By Karen Graf
The first week of school is here. New and prospective parents often ask me why people send their children to Alexandria City Public Schools and why they choose to stay.
Based on the last several years, we know that something has shifted in a positive direction in Alexandria. In fact, I have heard the dialogue change around ACPS. This benefits the whole community in many ways.
I informally surveyed a group of parents who have children in the district between kindergarten and eighth grade. I asked them why they send their children to ACPS. Most everyone gave “community” as the reason.
A common story is that they moved to Alexandria before their children were of school age. Many were interested in living in neighborhoods where they could meet neighbors, walk to school and participate in their community.
The community connection is strong in Alexandria, and they were betting on that being true in school system as well. They found that the local schools served as a community-gathering place. Playgrounds were seen as a way to meet people, and many felt that they were making lifelong friends through participating in their schools.
Many parents felt strongly about wanting to be in a functioning, urban school district in a city that also felt like a small town. They welcomed ACPS’ diversity. Today’s workplace is a global one, and having children experience diversity at such a young age helps them develop skills for adapting to the world at large. Parents believed that this helps students build resilience and grit, which are emerging concepts in the education community.
They also like that each school has a different “personality,” and they felt that this led to similar values in the school populations. When I asked them to clarify their concepts of values, they said most people have a deep belief in the public education system and enjoy the benefits of a diverse staff and student population.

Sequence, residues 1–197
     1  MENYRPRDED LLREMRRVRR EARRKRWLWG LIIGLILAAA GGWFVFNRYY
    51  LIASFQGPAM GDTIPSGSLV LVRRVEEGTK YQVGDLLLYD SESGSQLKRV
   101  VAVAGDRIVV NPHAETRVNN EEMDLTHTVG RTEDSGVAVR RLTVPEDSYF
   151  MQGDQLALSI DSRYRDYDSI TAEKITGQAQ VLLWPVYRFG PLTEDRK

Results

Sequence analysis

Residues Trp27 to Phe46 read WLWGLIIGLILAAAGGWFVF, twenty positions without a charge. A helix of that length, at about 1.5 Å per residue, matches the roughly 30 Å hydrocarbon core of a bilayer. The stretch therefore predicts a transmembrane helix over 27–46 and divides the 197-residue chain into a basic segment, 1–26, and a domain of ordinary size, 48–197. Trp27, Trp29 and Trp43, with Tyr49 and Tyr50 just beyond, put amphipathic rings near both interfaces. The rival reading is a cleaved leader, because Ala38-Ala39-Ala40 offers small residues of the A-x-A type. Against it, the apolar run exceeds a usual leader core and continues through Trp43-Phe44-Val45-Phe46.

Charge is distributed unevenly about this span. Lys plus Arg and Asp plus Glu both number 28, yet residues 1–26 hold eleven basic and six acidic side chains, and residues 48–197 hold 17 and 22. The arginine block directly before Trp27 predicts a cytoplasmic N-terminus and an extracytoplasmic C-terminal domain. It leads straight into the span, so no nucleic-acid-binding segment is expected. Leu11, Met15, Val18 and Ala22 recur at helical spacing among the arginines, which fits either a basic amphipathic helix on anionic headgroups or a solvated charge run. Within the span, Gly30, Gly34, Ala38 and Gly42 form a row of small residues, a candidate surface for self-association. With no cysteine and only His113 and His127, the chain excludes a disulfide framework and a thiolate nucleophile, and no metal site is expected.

There’s also a strong investment of time and money in local schools. Many community partners, nonprofits and parents across the city are giving their time, money and energy to better our school system. This serves as a capstone to districts becoming high performing.
All of these reasons might be enough for someone to send their child to ACPS, but why do they stay? The general thought was that people want to help their city and their neighborhoods progress.
They also recognize that T.C. Williams has some of the best offerings in the state. The high school provides the most AP courses in the commonwealth, it has a robust career and technical education program, and the counseling department is committed to assisting students to realize their college goals. With such a large student population, there are exciting opportunities for students to experience successes in science, the arts and music.
The parents also cited the dedicated, committed staff. As I listened to them, I realized that education is complex. Every student learns differently and every teacher teaches differently. But through those differences, ACPS is committed to creating equitable opportunities for every child in the school system.
What struck me was that these parents have pride in their children, their school experience and the city of Alexandria. And this combination is what is aiding the district’s focus on high performance.
I’m excited for the first week of school and all of the people that will be coming through our doors all over the city. And I’m eager to continue to observe the successes of our staff and our students in the coming year.
With a community like ours, success is defined by those making a difference in people’s lives. And in our city, Alexandrians give and receive that in bucket loads.
The writer is the chairwoman of the Alexandria City School Board.